Born and raised in South Carolina, I grew up cursed to love barbecue,1 speak slowly,2 and flourish in extreme climates.3 By the time I could drive,4 my obsession with language, stories, and adventure had been brewing in my heart long enough that I was determined to leave home as soon as I could to join a pirate gang and record their narrative painstakingly and at great risk to my own life, out on the open blue. Unfortunately, as a minor who also wanted to finish high school, I only made it 90 miles up the interstate to Greenville, SC.
In Greenville, I attended the SC Governor's School for the Arts & Humanities, a residential public high school for performing and non-perfoming arts. This was my first and last experience living in a dorm room with a roommate, I'm glad to say. Besides having to endure the awkwardness of a shared living situation with other genius and suffering5 artists such as myself, I focused two full years of my life on the craft of creative writing, learning from incredible, sometimes ornery, mentors and intelligent, motivated peers.
After graduating, I finally managed to get myself a reasonable distance from home -- over the Atlantic to the University of Cambridge (Trinity College to be specific) in the UK. I studied Anglo-Saxon, Norse and Celtic, an undergraduate course which gave me an outstanding foundation in linguistics, academic writing, critical thinking, working my ass off, getting locked in the library after hours, and -- let's be real here -- being a viking. A stellar degree, a beautiful college, and half-decent university -- very please, much recommend.6
Within 5 hours of pulling a robed man's finger in an ancient hall and being bestowed with a B.A. Hons Cantab degree,7 I hopped on a plane to Malaysia, where I managed an art gallery, wrote art reviews, and met some amazing people for about 3 months. I did some more travelling in the region, trekked to Everest basecamp, and eventually spent a few months teaching English in a government school in Gunsa, a village at the foothills of the Nepalese Himalayas. I had also done a fair bit of travelling and volunteer work during university in Europe and the Democratic Republic of Congo. My experiences in the DRC and Nepal made me truly realize the importance of communities, and how simple it is to build and change them: you just have to get involved and do.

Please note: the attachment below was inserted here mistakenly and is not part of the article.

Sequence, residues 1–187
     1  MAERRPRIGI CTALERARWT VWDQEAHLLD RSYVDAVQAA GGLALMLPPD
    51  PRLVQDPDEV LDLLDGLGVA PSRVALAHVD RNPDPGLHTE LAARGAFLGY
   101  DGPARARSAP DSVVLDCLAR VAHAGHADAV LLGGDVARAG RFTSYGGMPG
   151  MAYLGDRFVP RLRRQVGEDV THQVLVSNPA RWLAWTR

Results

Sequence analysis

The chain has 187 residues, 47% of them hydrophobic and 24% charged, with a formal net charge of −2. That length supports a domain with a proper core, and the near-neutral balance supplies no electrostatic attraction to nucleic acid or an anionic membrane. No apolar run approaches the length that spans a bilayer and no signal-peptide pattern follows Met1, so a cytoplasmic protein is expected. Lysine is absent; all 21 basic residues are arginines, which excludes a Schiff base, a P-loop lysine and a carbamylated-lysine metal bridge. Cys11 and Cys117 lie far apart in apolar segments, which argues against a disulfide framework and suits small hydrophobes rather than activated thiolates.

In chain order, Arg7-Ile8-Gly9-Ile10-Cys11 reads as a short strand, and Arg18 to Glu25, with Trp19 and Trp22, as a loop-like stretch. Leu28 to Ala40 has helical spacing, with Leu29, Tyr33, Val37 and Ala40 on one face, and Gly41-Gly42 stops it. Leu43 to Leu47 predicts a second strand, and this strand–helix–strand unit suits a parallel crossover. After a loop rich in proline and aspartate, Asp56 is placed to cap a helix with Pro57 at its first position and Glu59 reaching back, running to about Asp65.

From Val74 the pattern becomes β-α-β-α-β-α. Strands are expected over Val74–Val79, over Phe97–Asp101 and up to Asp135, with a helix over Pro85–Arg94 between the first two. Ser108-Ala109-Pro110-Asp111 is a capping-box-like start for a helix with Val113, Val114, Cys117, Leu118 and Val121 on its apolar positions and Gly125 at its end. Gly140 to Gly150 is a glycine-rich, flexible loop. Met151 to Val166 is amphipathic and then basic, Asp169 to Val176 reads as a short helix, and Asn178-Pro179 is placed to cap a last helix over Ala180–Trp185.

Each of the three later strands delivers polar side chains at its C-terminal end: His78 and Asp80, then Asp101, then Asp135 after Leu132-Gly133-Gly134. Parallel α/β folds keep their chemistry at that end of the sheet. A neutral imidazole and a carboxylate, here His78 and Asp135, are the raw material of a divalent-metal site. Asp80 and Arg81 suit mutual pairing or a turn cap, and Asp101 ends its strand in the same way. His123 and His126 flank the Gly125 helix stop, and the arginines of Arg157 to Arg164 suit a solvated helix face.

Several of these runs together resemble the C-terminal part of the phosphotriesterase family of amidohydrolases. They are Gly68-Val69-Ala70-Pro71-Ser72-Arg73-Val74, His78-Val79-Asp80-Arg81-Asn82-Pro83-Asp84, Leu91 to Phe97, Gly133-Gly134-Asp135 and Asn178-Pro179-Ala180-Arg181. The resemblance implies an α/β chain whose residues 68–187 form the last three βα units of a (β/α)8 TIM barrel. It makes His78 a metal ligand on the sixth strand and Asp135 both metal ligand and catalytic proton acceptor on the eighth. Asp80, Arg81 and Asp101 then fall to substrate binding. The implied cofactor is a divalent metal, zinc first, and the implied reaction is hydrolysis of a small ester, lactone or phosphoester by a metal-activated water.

When I returned to the States, I immediately sought ways to be involved in my community and transforming not only my city but the South. Ambitious, perhaps, I know, but I don't believe impossible. I saw economic innovation (especially) start-ups and education as two vital factors in growth and empowerment, so I started working with a number of South Carolina-born start-ups and organizations. Among these were Voterheads.com, an online platform for helping the average person get informed about (and participate in) local government; InnoVenture, a company and online platform seeking to foster economic innovation and growth through building local networks; and the SC Center for Children's Books & Literacy, a non-profit dedicated to improving South Carolina's devasatingly high illiteracy rate through reading, outreach, and technology programs.
Technology and, as a result, programming were constantly surrounding me from the get-go. I eventually just couldn't take it anymore and started to teach myself to code, starting with RubyOnRails.8 I was fortunate enough to get a contract with a mentor early on, and subsequently had to learn my new language and framework very quickly -- and very thoroughly and very intensely-- on the job. Within a few months, I was working on new contracts on my own, and a year later I was teaching an immersive course on RubyOnRails at The Iron Yard in Atlanta, GA, USA. Later, I dived deep into API development and developer relations at an IoT company called Notion.
Most recently, I spent three years growing the API and integrations team at Healthify, a healthcare tech startup trying to bridge the gap between healthcare and social services in the US. I was the second full time employee, and I left when the company was hovering around 50 employees. Over that time, we had also gone from zero integrations or API strategy to having built a robust REST API and electronic health record (EHR) integration interface supporting over a dozen API, EHR, and ETL integrations.
Now I spend most of my time writing and consulting on healthcare and civic technology. Check out my blog, Civic Unrest to see what occupies most of my headspace these days.
If you want to get in touch, you can find me @switzerly on Twitter or email me at shelby [at] civicunrest.com.